Ohio Innocence Project talks about grueling work of freeing wrongfully convicted inmates

CLEVELAND - Lawyers with the Ohio Innocence Project have helped free more than two dozen inmates, who were unjustly imprisoned for crimes they did not commit.

The lawyers talked exclusively to News 5 about how they sort through thousands of cases and narrow down who they are going to represent.

More than 8,000 inmates have requested help, claiming they are innocent.

Lawyer Jennifer Bergeron talked about her most recent case of Evin King who was released in Cleveland last month.

“He wrote to us and asked us to assist him, and that's when we got additional experts to look at it,” said Bergeron.

Bergeron said King was unable to get his murder verdict reversed with his old lawyer, despite having new DNA tests pointing to another killer.

“They come in. Some of them, you can tell right off the bat, they're not good cases. Others, you have to do a little bit of work, and then you find out it's not a good case, and then some of them, just keep lasting and lasting,” said Mark Godsey, Ohio Innocence Project Director.

Godsey said those are the cases, where the more they dig, they get closer to the conclusion that 'wow, this person may really be innocent.'

He called DNA evidence, the gold standard, “because it's sort of quick, it's conclusive and clear.”

However, that's not always the case.

“It’s always so hard when you go to visit someone, and you believe because the evidence points to the fact that they're innocent and you leave them there,” said Jennifer Bergeron.

There are a number of reasons why some cases do not get a second or third look.

“The evidence was destroyed, 25 years have passed, witnesses are dead,” said Mark Godsey, “those are the really heartbreaking cases.”

Out of 8,000 plus requests, the Ohio Innocence Project at the UC College of Law has only taken up about 160 cases to court. Out of those, only 25 inmates have been freed.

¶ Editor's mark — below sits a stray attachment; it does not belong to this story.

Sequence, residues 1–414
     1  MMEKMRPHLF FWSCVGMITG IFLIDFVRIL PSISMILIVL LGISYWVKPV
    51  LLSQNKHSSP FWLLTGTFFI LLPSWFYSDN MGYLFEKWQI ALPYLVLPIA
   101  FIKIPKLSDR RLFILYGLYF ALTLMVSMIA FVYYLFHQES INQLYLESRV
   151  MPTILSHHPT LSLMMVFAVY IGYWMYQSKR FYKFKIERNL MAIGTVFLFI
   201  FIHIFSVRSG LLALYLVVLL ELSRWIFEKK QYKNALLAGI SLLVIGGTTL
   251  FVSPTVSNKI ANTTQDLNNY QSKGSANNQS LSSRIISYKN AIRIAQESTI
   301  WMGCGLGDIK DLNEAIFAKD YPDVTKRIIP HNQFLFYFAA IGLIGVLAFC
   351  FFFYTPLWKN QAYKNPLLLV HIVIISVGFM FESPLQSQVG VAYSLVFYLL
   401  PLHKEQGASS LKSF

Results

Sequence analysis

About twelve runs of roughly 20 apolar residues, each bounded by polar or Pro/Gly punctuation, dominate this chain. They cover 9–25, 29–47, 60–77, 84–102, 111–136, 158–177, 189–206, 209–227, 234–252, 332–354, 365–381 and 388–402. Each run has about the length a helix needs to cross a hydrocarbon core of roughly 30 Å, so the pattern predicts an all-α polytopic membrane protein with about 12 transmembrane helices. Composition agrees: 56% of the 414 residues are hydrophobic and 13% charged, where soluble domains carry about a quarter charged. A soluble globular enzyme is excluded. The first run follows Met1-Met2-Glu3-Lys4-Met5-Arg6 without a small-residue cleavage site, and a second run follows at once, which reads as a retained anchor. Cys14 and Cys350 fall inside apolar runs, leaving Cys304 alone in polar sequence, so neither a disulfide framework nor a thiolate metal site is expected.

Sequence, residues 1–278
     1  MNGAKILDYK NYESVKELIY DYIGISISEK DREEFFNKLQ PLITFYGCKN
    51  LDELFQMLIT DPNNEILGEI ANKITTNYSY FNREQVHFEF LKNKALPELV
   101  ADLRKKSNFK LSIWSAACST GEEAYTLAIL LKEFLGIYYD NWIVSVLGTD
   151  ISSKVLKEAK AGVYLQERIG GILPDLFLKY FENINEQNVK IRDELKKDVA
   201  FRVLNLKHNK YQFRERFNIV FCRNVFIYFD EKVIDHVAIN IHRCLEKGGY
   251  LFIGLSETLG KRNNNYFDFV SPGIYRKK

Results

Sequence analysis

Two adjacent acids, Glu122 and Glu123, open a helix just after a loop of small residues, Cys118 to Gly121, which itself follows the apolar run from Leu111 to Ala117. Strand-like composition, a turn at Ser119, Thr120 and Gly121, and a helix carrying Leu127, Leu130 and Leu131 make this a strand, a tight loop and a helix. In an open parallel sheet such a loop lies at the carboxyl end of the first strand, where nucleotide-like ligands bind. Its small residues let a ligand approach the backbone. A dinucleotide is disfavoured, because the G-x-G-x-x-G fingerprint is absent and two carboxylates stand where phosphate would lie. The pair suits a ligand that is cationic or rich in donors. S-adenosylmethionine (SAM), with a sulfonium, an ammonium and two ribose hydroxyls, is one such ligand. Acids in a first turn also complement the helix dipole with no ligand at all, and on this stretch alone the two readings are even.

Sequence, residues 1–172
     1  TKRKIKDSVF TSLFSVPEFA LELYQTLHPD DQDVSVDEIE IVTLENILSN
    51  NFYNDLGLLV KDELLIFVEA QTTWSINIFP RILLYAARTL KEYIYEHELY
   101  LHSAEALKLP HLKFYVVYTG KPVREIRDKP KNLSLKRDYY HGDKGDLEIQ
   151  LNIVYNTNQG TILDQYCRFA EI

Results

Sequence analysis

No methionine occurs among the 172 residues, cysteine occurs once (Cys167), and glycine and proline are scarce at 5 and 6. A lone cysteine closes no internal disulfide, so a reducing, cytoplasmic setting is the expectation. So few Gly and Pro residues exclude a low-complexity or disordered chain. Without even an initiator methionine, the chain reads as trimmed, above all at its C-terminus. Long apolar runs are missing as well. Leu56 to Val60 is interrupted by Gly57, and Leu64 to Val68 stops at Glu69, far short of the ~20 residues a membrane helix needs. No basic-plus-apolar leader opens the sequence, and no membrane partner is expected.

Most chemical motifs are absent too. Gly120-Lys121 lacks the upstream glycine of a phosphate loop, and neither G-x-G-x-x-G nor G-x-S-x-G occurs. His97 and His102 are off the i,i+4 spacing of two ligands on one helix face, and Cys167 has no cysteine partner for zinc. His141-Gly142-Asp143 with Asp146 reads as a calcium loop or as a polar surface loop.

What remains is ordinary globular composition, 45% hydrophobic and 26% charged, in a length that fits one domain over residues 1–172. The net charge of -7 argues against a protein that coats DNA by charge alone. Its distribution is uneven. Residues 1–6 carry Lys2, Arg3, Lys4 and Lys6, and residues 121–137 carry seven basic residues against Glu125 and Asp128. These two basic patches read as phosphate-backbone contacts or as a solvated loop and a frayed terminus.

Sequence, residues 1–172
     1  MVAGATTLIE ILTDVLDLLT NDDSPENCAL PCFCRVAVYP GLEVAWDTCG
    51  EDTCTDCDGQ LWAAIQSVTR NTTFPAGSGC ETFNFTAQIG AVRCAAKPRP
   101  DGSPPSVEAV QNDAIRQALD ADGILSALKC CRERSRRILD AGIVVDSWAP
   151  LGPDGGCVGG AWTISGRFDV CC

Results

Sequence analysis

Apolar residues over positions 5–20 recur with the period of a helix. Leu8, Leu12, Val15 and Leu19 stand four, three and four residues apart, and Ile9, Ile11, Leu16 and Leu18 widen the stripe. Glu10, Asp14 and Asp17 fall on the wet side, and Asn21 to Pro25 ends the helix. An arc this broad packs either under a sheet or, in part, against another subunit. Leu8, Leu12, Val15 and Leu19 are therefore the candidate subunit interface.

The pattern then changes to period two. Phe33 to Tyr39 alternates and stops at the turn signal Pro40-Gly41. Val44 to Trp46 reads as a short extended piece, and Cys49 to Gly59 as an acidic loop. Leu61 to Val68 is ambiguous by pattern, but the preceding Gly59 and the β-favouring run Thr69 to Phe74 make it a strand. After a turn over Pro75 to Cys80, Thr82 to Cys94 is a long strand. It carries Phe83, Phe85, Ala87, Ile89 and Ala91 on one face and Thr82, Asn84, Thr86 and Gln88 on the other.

Godsey said the system pushes back. He told News 5 that many prosecutors and judges do not want to admit a mistake has been made.

“Every time you wrongfully convict someone, the guilty party is still out on the street, committing more crimes. It's a double whammy,” he said, “Who wants to admit in their courtroom that somebody was wrongfully convicted 10 years ago?”

Bergeron mentioned that sometimes, after months of digging, there are cases where an inmate, who they thought could be innocent, turns out to be actually guilty.

She said the situation can be frustrating, but she also feels a sense of relief when that happens, because it means our justice system is working and the right person is behind bars.

In Evin King's case, he was found guilty of murdering his girlfriend Crystal Hudson, more than 20 years ago.

RELATED: Evin King freed after being wrongly convicted for killing girlfriend 23 years ago

Updated DNA testing and expert witnesses helped set him free, back on April 19th this year. He profusely thanked Bergeon and the whole Ohio Innocence Project team.

“Work that they did, can ever be replaced,” said King, “We're joined at the hip for life.”

Both Bergeron and Godsey said it's a tough job, knowing these inmates are depending on them. However, it's all worth it when they witness the difference they are making on these inmate’s lives.

“One of the greatest things you can experience being an attorney,” said Godsey.

 

Link to Evin King's GoFundMe page: https://www.gofundme.com/Evinkingexoneration

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